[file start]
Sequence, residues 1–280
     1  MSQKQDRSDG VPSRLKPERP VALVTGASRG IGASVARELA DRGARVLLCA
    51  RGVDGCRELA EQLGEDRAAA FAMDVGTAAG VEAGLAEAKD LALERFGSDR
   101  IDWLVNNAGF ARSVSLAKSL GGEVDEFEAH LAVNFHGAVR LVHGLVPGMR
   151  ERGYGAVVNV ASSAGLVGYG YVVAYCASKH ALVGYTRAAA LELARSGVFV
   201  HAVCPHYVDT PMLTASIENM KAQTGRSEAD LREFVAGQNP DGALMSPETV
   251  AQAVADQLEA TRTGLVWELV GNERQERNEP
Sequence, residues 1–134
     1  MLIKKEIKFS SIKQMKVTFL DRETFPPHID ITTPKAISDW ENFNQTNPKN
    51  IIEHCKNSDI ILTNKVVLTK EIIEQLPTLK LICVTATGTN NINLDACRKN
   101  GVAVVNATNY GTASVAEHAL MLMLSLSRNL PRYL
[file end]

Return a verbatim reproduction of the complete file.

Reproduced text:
Sequence, residues 1–280
     1  MSQKQDRSDG VPSRLKPERP VALVTGASRG IGASVARELA DRGARVLLCA
    51  RGVDGCRELA EQLGEDRAAA FAMDVGTAAG VEAGLAEAKD LALERFGSDR
   101  IDWLVNNAGF ARSVSLAKSL GGEVDEFEAH LAVNFHGAVR LVHGLVPGMR
   151  ERGYGAVVNV ASSAGLVGYG YVVAYCASKH ALVGYTRAAA LELARSGVFV
   201  HAVCPHYVDT PMLTASIENM KAQTGRSEAD LREFVAGQNP DGALMSPETV
   251  AQAVADQLEA TRTGLVWELV GNERQERNEP
Sequence, residues 1–134
     1  MLIKKEIKFS SIKQMKVTFL DRETFPPHID ITTPKAISDW ENFNQTNPKN
    51  IIEHCKNSDI ILTNKVVLTK EIIEQLPTLK LICVTATGTN NINLDACRKN
   101  GVAVVNATNY GTASVAEHAL MLMLSLSRNL PRYL